Russia has reportedly suggested the possibility of a ceasefire in Syria, hours ahead of a crucial meeting of major powers in Germany on how to end the five-year-old Syrian civil war.
Citing an unnamed Western official, the Reuters news agency reported late on Wednesday that Russia proposed a ceasefire to begin on March 1.
Al Jazeera’s Gabriel Elizondo, reporting from the UN headquarters in New York, said the Russian ambassador to the UN did not confirm the report.
“No agreement on this [ceasefire] has been reached yet. The Russian ambassador here at the UN has been talking in general terms about a ceasefire in Syria being part of the negotiations. We asked him for more details and he said he simply will not provide any more,” Elizondo said.
“A lot of the details might start to come to light in less than 24 hours in Munich, when the International Syria Support Group will be meeting to start talking about getting the Geneva talksback on track,” he added.
International powers, including Russia, the US, Saudi Arabia and Iran, will meet on Thursday in Germany in a bid to resurrect Syrian peace talks that were postponed earlier this month.
Britain’s UN Ambassador Matthew Rycroft said he hoped Russia would present “concrete ideas” at the Munich meeting that would lead to a ceasefire in Syria and humanitarian aid access.
At least 50,000 Syrians have fled the fighting in Aleppo, the International Committee of the Red Cross (ICRC) said on Wednesday, adding that water supplies have been disrupted in some parts of the province.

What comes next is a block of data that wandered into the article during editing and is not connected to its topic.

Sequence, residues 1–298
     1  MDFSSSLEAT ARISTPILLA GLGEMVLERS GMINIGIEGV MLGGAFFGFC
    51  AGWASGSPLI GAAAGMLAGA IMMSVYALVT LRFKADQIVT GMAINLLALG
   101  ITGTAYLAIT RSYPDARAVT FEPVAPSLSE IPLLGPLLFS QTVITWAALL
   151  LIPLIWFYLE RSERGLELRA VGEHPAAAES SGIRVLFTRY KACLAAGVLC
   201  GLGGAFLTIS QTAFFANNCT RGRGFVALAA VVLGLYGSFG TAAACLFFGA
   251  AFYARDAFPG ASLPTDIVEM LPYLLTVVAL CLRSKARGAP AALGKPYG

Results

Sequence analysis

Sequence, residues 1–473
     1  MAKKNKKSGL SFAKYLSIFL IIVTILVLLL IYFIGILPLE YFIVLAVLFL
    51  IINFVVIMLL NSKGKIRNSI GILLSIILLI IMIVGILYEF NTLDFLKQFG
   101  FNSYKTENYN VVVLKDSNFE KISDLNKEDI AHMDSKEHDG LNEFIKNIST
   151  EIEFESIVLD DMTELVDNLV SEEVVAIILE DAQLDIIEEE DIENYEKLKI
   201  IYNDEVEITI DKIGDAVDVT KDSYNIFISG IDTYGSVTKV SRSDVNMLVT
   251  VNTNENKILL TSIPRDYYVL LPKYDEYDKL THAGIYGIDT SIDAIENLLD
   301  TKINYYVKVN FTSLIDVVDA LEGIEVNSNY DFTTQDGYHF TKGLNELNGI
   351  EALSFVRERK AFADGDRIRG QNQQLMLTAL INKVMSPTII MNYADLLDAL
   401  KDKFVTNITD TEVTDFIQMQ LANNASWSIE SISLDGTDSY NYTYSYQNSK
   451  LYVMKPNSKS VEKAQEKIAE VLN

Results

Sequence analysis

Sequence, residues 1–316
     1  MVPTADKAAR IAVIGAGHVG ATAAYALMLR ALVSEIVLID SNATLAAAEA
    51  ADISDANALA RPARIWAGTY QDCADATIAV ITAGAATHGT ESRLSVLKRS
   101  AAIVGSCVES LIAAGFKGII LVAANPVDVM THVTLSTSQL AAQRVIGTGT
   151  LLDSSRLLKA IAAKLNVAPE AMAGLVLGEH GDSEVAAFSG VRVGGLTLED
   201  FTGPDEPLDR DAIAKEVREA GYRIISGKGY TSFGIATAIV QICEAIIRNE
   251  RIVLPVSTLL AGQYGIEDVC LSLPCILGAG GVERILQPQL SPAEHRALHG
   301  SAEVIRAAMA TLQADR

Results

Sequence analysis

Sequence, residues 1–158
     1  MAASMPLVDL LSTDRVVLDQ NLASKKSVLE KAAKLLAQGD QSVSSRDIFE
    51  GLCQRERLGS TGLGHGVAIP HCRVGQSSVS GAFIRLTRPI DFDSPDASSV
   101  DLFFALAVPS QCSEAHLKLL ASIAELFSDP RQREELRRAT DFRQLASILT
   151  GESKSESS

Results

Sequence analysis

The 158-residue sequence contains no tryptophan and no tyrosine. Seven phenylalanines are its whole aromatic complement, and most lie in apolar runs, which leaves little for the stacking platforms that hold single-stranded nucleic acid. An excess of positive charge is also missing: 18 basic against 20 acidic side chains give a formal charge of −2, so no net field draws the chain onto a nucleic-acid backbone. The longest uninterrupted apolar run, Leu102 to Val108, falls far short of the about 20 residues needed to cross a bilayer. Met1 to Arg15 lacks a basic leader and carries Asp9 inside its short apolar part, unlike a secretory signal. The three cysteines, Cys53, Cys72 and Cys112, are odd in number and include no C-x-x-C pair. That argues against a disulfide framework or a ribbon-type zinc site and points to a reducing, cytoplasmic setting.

The UK-based Syrian Observatory for Human Rights reported on Wednesday that at least 500 people have been killed since the Syrian government, backed by Russian air strikes, launched a major offensive from the north of Aleppo on February 1.
The Observatory said among those killed is “89 civilians, including 23 children, 143 pro-government fighters, 274 rebels and foreign fighters”.
The Syrian government holds the west of Aleppo city, Syria’s largest, while the rebels hold the east, but the situation is largely reversed in the countryside.
The UN on Tuesday urged Turkey to open the border to tens of thousands of Syrian refugees fleeing the government offensive in Aleppo, who are stranded near the Bab al-Salameh crossing.
Turkish Prime Minister, Ahmet Davutoglu, said on Wednesday during a conference in the Hague that the refugee crisis is not an issue a single country or neighbouring countries could bear, but an issue for humanity.
“I view the advice as hypocrisy given by several circles who do not move their muscle for a solution of the crisis in Syria. Unfortunately [this] includes the UN Security Council, who cannot say ‘stop’ to Russian bombardment that leads to a flow of refugees to Turkey to ‘open your doors’,” Davutoglu said.
Meanwhile, the Turkish President Recep Tayyip Erdogan said on Wednesday that the US will suffer because of its support of the Kurdish Democratic Union Party (PYD).
His remarks follow the recent dispute between the two NATO allies over the US’ description of the PYD as “a reliable partner”.
The latest diplomatic efforts to end the Syrian conflict through peace talks were suspended in Geneva earlier this month until February 25, after UN envoy Staffan de Mistura said more work was needed to make progress.
The Syrian opposition has said it will not attend the scheduled talks unless the government ends its air strikes and lifts the sieges on cities and towns.
The peace talks are meant to develop a “road map” to end the conflict of almost five years that has resulted in more than 250,000 Syrians being killed.
The conflict has also displaced millions more and sent hundreds of thousands fleeing as refugees to Europe.[Source: Al-Jazeera]